All about Japanese chopsticks: A dive into the deep world of wooden chopsticks at “Hashikatsu Honten”

Since the store opened in 1910, “Hashikatsu Honten” carries more than 80 kinds of chopsticks, including chopsticks used by the Japanese Imperial Family, high-end disposable chopsticks for hotels, airplanes, and restaurants, and festive chopsticks when having guests for a celebrative meal. Visiting the shop is not only a fun shopping experience but also a deep dive into Japanese chopsticks culture.

“Hashikatsu Honten”

“Hashikatsu Honten” is only a 5-minute walk from Akihabara Station. After crossing Akihabaras vibrant “Electric Town” with shop after shop selling anime, games, and futuristic gadgets, you suddenly find yourself standing in front of a retro building with those typical Japanese half-length shop curtains.

More than 80 kinds of chopsticks

When you enter the store, the first thing you will notice is the cabinet right under the ceiling with large Chinese characters on them. They say “kunaicho goyo“, meaning something like “Purveyor of the Imperial Household Agency”.This special cabinet holds chopsticks especially made for Japan’s Imperial family. “Hashikatsu Honten” is a so-called “Purveyor of the Imperial Household Agency”, which are carefully chosen merchants and producers who each deliver one kind of product to the emperor’s family and household. “Hashikatsu Honten” is in charge of ALL chopsticks for the royals and their guests.

The chopsticks used by the imperial family are stored behind this door.
This is just a small selection of chopsticks used emperor’s family and household. The chopsticks are made of white willow wood, which is said to bring luck.

The shelves in the store are full of chopsticks in different sizes, colors, and materials. There are high-end disposable chopsticks made from domestic wood for commercial use in restaurants and “celebratory chopsticks” for entertaining guests at home.

Shelves filled with chopsticks.

Many regular customers use the store’s chopsticks on New Year’s Day, school entrance celebrations, and for special occasions, called “hare” days.

Beautiful celebratory chopsticks
Chopsticks for “okuizome” (right) for the first meal on the 100th to 120th day after birth when the baby’s teeth begin to grow, and tiny “Children’s chopsticks” (left).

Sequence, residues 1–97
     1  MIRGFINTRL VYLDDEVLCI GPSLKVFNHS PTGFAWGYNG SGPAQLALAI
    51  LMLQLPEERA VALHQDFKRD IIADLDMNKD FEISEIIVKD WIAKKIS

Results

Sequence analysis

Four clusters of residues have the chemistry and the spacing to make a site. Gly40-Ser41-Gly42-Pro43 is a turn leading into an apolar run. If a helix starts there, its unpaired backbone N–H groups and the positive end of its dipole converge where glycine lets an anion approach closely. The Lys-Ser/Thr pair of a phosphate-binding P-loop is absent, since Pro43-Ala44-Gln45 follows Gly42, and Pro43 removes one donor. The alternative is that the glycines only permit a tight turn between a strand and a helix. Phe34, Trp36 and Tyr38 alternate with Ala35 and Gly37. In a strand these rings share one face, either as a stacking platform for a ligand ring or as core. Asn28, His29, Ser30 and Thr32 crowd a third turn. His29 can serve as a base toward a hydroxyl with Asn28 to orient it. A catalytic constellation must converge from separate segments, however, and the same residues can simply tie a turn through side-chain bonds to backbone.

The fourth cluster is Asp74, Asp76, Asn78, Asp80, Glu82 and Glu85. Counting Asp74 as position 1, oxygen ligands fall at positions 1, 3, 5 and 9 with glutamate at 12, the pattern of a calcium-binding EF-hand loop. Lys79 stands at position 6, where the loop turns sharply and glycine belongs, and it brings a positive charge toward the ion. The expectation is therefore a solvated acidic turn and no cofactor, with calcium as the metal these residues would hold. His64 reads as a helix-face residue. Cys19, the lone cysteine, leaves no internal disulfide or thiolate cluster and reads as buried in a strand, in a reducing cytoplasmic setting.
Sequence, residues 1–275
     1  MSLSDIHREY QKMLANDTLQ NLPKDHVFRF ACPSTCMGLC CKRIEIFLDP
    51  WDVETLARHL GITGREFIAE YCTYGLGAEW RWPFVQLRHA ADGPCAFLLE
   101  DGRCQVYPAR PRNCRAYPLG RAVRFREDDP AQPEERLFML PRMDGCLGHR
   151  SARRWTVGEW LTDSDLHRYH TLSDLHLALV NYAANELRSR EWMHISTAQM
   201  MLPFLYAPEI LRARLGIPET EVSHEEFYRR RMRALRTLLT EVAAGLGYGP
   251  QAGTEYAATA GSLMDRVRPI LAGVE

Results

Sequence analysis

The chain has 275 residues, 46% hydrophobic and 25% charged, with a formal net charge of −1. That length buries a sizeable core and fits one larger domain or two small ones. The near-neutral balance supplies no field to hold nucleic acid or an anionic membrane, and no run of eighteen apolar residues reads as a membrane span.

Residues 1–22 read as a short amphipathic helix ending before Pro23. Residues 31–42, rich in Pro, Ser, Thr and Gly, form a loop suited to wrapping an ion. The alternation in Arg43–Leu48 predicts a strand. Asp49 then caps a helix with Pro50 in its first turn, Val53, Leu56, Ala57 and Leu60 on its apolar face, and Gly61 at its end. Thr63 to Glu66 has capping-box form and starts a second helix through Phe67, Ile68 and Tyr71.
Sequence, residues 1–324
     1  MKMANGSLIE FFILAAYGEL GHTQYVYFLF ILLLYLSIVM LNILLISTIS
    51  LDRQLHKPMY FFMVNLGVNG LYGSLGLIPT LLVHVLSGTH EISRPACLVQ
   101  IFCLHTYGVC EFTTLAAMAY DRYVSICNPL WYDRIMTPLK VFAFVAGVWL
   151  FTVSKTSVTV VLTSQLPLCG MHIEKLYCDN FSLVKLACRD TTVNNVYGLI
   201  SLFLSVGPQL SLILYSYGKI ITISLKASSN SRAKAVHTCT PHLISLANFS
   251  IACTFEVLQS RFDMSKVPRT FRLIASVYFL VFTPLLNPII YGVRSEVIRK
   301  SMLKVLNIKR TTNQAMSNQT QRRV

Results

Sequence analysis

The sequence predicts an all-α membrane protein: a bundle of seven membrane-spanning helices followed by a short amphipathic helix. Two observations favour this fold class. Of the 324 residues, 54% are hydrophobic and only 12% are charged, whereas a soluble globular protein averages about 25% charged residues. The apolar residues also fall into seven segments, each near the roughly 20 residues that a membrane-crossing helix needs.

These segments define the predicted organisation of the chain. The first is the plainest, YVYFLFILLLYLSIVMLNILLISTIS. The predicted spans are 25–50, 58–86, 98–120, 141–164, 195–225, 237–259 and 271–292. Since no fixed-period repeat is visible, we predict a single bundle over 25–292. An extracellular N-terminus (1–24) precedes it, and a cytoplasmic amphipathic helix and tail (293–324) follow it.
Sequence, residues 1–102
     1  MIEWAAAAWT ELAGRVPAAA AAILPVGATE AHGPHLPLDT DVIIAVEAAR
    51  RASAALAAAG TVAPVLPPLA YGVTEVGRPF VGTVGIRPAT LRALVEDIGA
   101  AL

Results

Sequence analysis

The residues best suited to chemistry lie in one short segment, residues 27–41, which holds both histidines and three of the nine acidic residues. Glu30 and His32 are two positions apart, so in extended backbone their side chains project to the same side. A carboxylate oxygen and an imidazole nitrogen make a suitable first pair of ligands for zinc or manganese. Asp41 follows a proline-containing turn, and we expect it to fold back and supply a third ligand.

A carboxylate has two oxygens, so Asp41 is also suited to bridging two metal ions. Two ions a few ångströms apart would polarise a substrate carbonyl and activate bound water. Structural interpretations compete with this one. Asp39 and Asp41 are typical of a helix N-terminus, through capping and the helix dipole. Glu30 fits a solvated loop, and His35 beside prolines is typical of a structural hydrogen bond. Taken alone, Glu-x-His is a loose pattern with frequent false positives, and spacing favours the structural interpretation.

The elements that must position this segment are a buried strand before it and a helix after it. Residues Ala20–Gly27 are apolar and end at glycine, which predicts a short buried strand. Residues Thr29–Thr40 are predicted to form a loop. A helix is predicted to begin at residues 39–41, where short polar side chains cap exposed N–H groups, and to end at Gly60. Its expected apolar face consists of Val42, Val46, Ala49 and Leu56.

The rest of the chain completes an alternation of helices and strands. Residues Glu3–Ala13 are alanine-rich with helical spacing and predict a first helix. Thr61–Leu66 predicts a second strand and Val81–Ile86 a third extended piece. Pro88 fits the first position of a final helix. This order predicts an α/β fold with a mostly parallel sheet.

These chopsticks in paper bags with Japanese patterns on them are perfect for fans of the manga/anime “Kimetsu no Yaiba”, right?

Get in touch with Japanese chopstick culture

Chopsticks made of Japanese cypress and cedar

If you have ever eaten Japanese food, you have certainly used disposable chopsticks made of wood or bamboo. When you take a closer look at these chopsticks, you will see that they come in various shapes, lengths, and materials.

The length of chopsticks depends on the occasion. They all have a different purpose.
The chopsticks are differently shaped, too. There are so many types such as circles, rounded squares, pentagons, and even hexagons!

Chopsticks with thin ends on both sides have a special meaning. Since ancient times, Japanese people believed that during festivals, they share their food with the gods (kami). One end of the chopsticks is used by oneself and the other end is used by the gods. This is a way for the Japanese to wish for happiness. Therefore, even now, when entertaining guests, it’s said to be good manners to use “hare” chopsticks with thin ends on both sides. This tradition expresses the beautiful mindset of the Japanese people for whom every single encounter is a precious “ichigo ichi-e“, a once-in-a-lifetime encounter.

Chopsticks for guests and special occasions with thin ends on both sides.
The five-sided (= “gokaku“) chopsticks on the left front are used when wishing for passing (= “gokaku“) an entrance examination. There are also humorous chopsticks such as “just for udon noodles” and “just for hot pot”.

Wooden chopsticks are eco-friendly?!

Japanese disposable chopsticks are made from domestic wood. They are carved out of the leftovers of wood used for building materials that have no other use. It’s a way to eliminate waste and value ​​resources. Japanese people who very are particular about clean, hygienic tableware generally use disposable chopsticks only once and then throw them away, but in fact, unlacquered wood chopsticks can be reused. According to “Hashikatsu Honten”, wooden disposable chopsticks can be washed and reused at home for about a year. If you want to try that at home, too, you should choose disposable chopsticks that are already separated (not the ones that are connected on one side at first).

Eco-friendly chopsticks made from timber from forest thinning.

High-grade chopsticks from “Hashikatsu Honten” are perfect as a Japanese gift and when treating special guests at home. So why don’t you get a pair of exceptional chopsticks for a happy “hare” occasion?

Hashikatsu Honten (Japanese, English)
Hashikatsu Building 1st floor, 3-1-15 Sotokanda, Chiyoda-ku, Tokyo
Nearest stations: Akihabara Station, Suehirocho Station